Diagonal attachment - as inferior shape

Difficulty: Beginner   Keywords: Shape

According to Cho Hun-hyeon, the White kosumi is a weak player's diagonal. There is a star point joseki in which this shape occurs, but in general it should be avoided [1][2].

Completing the shape

Charles One way to understand the issue here is to see that Black a is a good way to play after . Therefore in general should be played now. Instead at b is a play to attack Black more strongly, but Black at a will then remain as a weakness.

That's just one aspect of the problem for White with this shape: it tends to concede some influence.

Actually, if you analyse continuations after the diagonal contact then tenuki you can see two good follow-ups.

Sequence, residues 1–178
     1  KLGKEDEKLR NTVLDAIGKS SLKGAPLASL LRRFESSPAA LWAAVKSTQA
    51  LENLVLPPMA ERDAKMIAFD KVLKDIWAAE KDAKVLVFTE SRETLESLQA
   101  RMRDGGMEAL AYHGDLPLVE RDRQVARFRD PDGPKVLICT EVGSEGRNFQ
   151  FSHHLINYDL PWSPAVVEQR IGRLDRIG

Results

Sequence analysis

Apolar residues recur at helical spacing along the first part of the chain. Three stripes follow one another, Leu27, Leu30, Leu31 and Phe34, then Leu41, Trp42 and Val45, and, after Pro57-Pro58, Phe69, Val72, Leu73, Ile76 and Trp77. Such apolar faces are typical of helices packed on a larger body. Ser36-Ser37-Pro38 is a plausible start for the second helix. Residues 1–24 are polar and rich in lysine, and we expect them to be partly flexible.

Attach-extend

Here and build influence while leaving White a cutting point at a.

Knight's move as good shape

This is a gentler and lighter way to play. White's attempts to cut it will end in bad shape.

Cut (1)

The cut with is bad shape since White will lose a stone after .

Cut (2)

If White tries to cut the other way, with here, Black could answer with a or b. Black at a, White at b to cut and White has an empty triangle.

Continuation

And here it seems like White has more worries than Black. Usually will look like an overplay.

To add to that, Black has the option to play in the diagram above some time as a kikashi, protecting the cut.

Weak point

Bill: hits the basic weak point of White's formation. It takes away potential eye shape for White and threatens to connect via a.

[2] Charles This one shape should be studied in relation to its subsets, in fact.

The fundamental 'weak player's diagonal' is here.

Diagonal attachment - as inferior shape last edited by Bill on July 16, 2008 - 19:34